I’d love to go back in the evening to see how busy this place is and try to strike up a game with someone. If you’re a pocket billiards player be prepared to reduce the power in your shots dramatically. But I’d encourage you to give three-cushion a try. It’s a fantastic game for improving your skill in controlling the cue ball instead of focusing simply on putting balls in pockets.

Pool Hall – Hard Times ~ Sacramento, CA

September 16, 2021

There used to be another Hard Times located in Los Angeles. Unfortunately, they went out of business a few years ago. I thought there used to be one in San Francisco as well, but I might be mistaken about that. Which leaves Sacramento as the last surviving Hard Times. I show up here after a singularly disappointing experience at another pool hall in town a few minutes earlier. Certainly this has to be better, right?

You bet it does – and is!

It’s located on the northeast side of town at the intersection of Auburn Avenue and Garfield. In a strip mall that has seen better days. But I’m not here for exterior aesthetics. What matters with pool halls – as with many things in life – is what’s on the inside.

This is a true pool hall. Thirty-one high quality tables maintained in fantastic condition. Even though it was early afternoon there were at least six tables in use. Rates are good. They keep their house keys behind the counter and determine which one might work for you based on whether you prefer a light or heavy cue. The tips all appear to be in great condition. Balls are clean. Staff is courteous and professional. In addition to the general play area there’s a separate tournament room where several other people were playing.

This place is serious. Serious about pool, to be sure, but also serious about staying in business. Signs clearly indicate masks have to be worn anytime you leave the area immediately around your table. While I was there a woman was going around disinfecting and cleaning all the tables not in use. This means not just wiping down the hard surface but the cloth itself. All the employees were masked. They were also prompt and friendly. Not over-the-top, but respectful and quick about their business. They want you playing pool and they know you are there to shoot pool.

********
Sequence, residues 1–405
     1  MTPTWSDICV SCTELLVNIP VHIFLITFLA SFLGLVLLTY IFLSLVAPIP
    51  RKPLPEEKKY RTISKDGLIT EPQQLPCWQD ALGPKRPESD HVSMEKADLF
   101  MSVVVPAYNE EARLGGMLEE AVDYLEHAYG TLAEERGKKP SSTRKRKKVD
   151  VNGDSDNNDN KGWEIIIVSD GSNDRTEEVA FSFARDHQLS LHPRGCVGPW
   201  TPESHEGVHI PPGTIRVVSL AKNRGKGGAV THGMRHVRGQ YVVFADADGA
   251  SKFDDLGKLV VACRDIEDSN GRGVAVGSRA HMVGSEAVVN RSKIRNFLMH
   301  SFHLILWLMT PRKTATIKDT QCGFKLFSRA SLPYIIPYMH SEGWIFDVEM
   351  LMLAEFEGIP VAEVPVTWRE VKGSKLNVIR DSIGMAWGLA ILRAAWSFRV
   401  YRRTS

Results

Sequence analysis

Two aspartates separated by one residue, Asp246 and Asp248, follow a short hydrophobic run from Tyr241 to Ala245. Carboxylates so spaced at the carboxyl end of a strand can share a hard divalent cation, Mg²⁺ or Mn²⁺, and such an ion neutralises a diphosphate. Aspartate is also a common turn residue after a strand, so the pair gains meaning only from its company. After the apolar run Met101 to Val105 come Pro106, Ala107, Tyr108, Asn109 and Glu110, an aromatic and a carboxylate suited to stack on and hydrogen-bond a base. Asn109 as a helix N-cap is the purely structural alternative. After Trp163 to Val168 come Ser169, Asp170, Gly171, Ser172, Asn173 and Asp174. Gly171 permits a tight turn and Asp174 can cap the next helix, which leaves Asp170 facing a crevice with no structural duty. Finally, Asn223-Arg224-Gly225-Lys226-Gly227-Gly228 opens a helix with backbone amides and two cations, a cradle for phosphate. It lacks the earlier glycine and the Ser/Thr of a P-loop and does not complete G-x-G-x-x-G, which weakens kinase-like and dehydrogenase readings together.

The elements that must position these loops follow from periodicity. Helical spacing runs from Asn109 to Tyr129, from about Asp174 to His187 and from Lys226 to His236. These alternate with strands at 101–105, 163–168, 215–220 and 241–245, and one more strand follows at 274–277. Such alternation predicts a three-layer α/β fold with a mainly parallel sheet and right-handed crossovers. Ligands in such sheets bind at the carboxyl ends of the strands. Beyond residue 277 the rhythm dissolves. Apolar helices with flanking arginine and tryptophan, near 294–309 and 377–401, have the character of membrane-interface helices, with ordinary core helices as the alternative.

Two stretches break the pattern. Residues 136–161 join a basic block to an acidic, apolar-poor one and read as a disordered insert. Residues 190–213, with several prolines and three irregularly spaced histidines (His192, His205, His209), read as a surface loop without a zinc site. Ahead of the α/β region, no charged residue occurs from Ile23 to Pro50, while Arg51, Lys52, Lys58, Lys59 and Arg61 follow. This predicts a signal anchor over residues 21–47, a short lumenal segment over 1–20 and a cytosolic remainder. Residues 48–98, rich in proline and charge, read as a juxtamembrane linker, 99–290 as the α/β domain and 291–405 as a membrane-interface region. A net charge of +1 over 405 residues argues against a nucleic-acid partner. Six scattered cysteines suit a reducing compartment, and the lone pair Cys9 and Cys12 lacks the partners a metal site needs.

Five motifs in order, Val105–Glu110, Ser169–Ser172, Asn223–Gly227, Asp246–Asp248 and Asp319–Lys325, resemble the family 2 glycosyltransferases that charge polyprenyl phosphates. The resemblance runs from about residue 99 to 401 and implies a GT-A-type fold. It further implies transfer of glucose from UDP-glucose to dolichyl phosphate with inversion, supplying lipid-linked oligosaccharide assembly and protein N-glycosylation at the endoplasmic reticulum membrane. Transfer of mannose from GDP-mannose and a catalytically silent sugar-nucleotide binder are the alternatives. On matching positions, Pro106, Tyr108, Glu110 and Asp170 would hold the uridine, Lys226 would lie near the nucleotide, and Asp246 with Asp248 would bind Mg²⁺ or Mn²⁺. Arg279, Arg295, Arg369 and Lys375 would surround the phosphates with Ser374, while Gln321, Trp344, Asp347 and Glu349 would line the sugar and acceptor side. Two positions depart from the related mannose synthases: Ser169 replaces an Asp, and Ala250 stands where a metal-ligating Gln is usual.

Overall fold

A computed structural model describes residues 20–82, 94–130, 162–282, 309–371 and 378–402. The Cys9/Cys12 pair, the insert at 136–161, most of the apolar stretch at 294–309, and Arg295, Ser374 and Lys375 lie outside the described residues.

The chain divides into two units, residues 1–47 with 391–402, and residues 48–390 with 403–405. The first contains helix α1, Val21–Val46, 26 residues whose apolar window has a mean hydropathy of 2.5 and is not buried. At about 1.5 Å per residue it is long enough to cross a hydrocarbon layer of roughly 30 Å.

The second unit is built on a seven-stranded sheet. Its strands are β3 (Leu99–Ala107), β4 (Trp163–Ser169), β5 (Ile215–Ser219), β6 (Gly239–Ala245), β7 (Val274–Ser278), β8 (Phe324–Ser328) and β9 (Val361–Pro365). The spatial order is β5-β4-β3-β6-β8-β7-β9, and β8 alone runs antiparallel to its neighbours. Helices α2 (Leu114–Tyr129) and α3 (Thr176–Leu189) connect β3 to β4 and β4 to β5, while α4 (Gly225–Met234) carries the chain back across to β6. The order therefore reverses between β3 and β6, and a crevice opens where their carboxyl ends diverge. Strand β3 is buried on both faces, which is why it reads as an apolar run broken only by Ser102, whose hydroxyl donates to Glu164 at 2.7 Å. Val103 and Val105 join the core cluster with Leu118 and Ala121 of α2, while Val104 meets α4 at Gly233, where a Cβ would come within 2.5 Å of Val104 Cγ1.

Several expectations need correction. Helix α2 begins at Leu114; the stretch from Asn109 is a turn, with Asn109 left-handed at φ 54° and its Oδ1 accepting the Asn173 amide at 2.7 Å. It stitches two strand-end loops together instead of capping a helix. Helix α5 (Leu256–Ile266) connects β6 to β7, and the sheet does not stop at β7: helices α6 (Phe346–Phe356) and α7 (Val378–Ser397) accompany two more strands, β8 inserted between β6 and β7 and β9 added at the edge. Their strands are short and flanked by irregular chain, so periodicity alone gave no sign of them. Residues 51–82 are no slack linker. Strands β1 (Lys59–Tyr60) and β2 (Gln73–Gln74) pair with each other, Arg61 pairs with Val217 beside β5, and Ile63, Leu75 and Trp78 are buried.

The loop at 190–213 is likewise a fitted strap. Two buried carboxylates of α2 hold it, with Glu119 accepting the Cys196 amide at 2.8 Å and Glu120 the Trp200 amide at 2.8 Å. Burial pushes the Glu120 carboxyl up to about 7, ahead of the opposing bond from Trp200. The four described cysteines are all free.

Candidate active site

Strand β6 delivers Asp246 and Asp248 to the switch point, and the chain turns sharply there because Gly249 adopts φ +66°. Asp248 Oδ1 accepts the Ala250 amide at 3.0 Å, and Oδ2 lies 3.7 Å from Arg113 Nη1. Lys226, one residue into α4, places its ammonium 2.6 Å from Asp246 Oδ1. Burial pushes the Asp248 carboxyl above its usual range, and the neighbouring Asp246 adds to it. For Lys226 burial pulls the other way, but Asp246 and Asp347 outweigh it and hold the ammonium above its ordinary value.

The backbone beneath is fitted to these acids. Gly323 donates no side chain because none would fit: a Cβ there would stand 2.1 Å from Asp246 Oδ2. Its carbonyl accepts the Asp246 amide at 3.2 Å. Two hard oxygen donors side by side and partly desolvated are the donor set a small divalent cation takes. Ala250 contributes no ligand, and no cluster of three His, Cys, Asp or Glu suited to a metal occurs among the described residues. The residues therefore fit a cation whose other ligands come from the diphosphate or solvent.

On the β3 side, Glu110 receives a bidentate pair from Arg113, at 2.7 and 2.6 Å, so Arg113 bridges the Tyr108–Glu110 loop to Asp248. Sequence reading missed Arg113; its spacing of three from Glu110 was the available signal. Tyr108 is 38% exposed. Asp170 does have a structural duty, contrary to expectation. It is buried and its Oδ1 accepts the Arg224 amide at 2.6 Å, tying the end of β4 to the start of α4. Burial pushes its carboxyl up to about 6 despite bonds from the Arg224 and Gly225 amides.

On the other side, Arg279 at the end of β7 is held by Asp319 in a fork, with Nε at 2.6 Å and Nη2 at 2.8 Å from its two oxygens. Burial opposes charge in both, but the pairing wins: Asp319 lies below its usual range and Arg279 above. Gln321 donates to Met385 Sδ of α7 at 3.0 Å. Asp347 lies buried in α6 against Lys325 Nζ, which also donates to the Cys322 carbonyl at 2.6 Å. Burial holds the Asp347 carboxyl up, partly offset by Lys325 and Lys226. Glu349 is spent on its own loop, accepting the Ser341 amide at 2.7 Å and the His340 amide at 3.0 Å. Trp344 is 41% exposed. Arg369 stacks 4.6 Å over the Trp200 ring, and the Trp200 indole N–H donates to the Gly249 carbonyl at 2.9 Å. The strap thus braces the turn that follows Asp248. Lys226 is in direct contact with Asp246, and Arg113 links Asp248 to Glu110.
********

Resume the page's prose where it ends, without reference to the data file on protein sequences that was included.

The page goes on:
This place is owned by professional pool player Oscar Dominguez and that professionalism carries over into the entire place and atmosphere. Although there are dartboards and food available, pool is clearly the focus. No music stages (and unfortunately no full bar – just beer and wine). But it’s clear they aim to run a safe, friendly place for people of all skill levels who enjoy playing pool. This would definitely be my preferred place to shoot if I lived in the area though there are several other options I hope to briefly check out on my way back out of town on Monday.

Pool Hall – Corner Pocket Sports Bar ~ Sacramento, CA

September 16, 2021

I’m on a business trip to central north-central California. Marrying former parishioners. Visiting a congregation in Sonora. I’m grateful for the inexpensiveness of the flight from Phoenix to Sacramento (about $100 round trip!), but the timing of the rehearsal and wedding as well as the Sunday morning church visit mean that I have a fair amount of spare time. Flying in Thursday and back home Monday. Which means, of course, there’s time to hunt for pool halls.

I don’t like to write poor reviews of places. Being critical is easy (at least for me. Hmmm.). I’d much prefer to encourage and support small businesses who no doubt are struggling to survive than criticize a place for not being what I hoped it would be.